It was upon the mountain-top track of Clube de Golf do Santo da Serra, surrounded by scenery akin to that of a Hollywood blockbuster, where the Swede provided one of the most inspirational victories in the history of The European Tour.It was 1998 and Lanner was struggling with his game and his confidence, having experienced glory twice on the Challenge Tour and twice on The European Tour in the preceding 11 years.
A disappointing season on The European Tour in 1997 meant he lost his playing privileges and he had decided to focus on rebuilding on the Challenge Tour.Things were not going as planned midway through the season, however, and Lanner admitted at the time that he would consider packing it in if things didn’t improve.
His only appearances on The European Tour would be back-to-back tournaments at Slaley Hall in England and the Portuguese island of Madeira, as a former champion of both events.He started well at the European Grand Prix in Slaley Hall, a glimmer of hope. Alas, cruel fate intervened and the tournament was cancelled after the first round due to weather conditions – the only tournament cancellation in the history of The European Tour.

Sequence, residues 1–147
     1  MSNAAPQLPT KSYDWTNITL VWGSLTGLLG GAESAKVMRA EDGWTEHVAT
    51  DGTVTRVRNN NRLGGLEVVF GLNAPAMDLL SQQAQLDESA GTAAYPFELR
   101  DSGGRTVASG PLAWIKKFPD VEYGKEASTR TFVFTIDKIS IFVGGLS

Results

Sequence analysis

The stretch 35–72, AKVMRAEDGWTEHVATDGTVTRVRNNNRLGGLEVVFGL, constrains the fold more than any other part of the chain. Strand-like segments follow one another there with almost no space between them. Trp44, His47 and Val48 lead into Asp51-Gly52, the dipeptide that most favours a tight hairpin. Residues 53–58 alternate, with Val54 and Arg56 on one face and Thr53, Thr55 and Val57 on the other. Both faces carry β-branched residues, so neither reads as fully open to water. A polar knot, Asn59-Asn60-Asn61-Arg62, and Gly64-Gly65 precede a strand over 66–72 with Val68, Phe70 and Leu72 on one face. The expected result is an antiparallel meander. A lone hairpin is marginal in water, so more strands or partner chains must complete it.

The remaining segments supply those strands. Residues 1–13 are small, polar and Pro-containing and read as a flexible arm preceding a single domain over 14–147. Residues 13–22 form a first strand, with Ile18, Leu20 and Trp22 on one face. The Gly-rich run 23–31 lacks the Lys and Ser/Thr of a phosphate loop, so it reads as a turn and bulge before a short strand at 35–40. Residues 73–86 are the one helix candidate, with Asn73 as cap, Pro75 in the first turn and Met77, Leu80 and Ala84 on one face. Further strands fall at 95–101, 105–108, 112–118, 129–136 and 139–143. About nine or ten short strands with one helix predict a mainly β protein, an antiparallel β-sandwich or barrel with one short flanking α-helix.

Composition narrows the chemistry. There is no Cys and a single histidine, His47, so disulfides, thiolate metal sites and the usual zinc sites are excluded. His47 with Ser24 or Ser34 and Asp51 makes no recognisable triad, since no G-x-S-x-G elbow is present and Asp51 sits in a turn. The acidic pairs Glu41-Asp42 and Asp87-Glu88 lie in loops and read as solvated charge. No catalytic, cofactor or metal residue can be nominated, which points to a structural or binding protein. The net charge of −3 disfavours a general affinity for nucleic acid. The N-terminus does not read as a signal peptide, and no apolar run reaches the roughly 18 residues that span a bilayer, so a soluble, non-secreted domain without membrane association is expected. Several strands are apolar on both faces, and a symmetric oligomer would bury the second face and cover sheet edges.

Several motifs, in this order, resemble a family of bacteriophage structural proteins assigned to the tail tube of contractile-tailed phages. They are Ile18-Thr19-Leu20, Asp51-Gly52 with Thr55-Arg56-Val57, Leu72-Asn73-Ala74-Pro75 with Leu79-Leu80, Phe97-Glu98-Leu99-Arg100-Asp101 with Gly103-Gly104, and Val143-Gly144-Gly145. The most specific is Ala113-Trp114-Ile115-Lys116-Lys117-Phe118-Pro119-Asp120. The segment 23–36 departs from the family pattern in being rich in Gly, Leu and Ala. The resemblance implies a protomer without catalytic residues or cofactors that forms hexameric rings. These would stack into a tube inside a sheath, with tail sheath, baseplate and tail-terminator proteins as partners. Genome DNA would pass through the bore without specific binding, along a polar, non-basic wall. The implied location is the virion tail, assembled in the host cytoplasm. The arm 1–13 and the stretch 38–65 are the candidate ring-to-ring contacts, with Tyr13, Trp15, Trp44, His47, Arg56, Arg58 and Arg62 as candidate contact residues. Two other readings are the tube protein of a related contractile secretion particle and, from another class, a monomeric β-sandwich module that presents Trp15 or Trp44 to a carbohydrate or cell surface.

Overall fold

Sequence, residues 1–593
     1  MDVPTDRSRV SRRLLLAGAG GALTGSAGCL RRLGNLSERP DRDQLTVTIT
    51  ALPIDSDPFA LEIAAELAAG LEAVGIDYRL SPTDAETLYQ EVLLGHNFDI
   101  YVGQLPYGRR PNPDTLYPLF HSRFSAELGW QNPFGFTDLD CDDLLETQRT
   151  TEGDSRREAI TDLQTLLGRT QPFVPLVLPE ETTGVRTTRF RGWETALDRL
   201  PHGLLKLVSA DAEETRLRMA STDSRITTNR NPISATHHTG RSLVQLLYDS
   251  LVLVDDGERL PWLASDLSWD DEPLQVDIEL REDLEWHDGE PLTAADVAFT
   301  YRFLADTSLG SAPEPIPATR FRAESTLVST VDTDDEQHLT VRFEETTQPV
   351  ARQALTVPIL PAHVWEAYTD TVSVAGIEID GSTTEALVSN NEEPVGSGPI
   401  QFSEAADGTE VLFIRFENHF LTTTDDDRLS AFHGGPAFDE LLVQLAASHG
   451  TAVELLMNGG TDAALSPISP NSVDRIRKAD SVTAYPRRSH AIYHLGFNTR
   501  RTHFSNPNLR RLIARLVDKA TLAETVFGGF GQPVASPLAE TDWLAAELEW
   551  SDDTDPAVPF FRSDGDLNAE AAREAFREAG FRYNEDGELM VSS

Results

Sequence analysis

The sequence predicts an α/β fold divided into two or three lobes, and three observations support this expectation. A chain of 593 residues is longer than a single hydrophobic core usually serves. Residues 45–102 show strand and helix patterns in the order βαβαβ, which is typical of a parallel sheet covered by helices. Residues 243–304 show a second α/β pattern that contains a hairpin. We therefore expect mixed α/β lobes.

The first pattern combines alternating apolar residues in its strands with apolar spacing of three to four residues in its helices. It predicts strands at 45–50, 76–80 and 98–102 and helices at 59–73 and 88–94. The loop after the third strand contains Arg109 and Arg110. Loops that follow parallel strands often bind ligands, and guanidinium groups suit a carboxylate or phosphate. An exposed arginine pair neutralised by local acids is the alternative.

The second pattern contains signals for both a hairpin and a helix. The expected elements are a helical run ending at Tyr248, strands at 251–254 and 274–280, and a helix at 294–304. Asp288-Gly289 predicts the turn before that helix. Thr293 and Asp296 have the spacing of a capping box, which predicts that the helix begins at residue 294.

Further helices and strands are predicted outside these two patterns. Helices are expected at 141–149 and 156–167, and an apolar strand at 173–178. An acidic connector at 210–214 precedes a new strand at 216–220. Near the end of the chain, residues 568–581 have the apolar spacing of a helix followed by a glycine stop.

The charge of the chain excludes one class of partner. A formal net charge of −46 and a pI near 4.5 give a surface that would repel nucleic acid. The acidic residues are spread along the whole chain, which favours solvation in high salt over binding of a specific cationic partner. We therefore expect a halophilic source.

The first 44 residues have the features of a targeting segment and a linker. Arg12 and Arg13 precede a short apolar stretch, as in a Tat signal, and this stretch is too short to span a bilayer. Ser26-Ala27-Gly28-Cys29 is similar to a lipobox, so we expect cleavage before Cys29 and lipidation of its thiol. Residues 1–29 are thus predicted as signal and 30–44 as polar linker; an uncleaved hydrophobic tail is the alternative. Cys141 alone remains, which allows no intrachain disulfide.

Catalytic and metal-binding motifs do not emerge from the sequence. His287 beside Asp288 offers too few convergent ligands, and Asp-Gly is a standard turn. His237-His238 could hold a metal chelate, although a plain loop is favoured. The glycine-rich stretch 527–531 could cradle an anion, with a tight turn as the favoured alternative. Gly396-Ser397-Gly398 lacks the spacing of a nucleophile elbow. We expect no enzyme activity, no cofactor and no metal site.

It was all or nothing at Madeira and, returning to a venue which provided his second victory on The European Tour, the Gothenburg native was a man inspired as he produced a victory which was as heart-warming as it was unlikely.“It was definitely up there as one of the special moments for me,” said Lanner, now a full-time European Tour referee. “Obviously I had lost my card and I was trying to get it back. I came back here as a former winner and played solid golf for three days and then it was a battle for the last day.
“It was windy, cold and all three of us in the last group were pretty close together all the way through, exchanging the lead by a shot here and there.“We came to the 18th and it was still a battle and I got up and down from the bunker to win by one. Obviously that was a huge boost for me at that stage, getting my card back and getting going again.
“That year I was concentrating on the Challenge Tour and I hadn’t done that well. I had played reasonably well but it wasn’t enough, so to come here and win again was just incredible.”Lanner, the only player to have won the Madeira Islands Open twice, relishes every opportunity to return to the picturesque island and he has been impressed by the improvements on the course since his glory days.
“I haven’t been back here many times but my first tournament as a referee was here, shadowing (another former European Tour player) Neal Briggs,” he recalls.“I have only been here a couple of times after that, so it hasn’t been that much. It’s a tricky course, with the sloping greens and the elevation. Nobody is going to be playing brilliant golf here for all four days so you need to be patient and hang in there.
“It is a thinker’s course, more so back in those days because it was more narrow. It has opened up a bit now.
“It has really improved since I was playing here. The greens are looking great this year, the rough is so much better now than it has ever been so it is definitely going in the right direction.“The views are inspirational too. If you have a clear day it’s breath-taking, unbelievable.”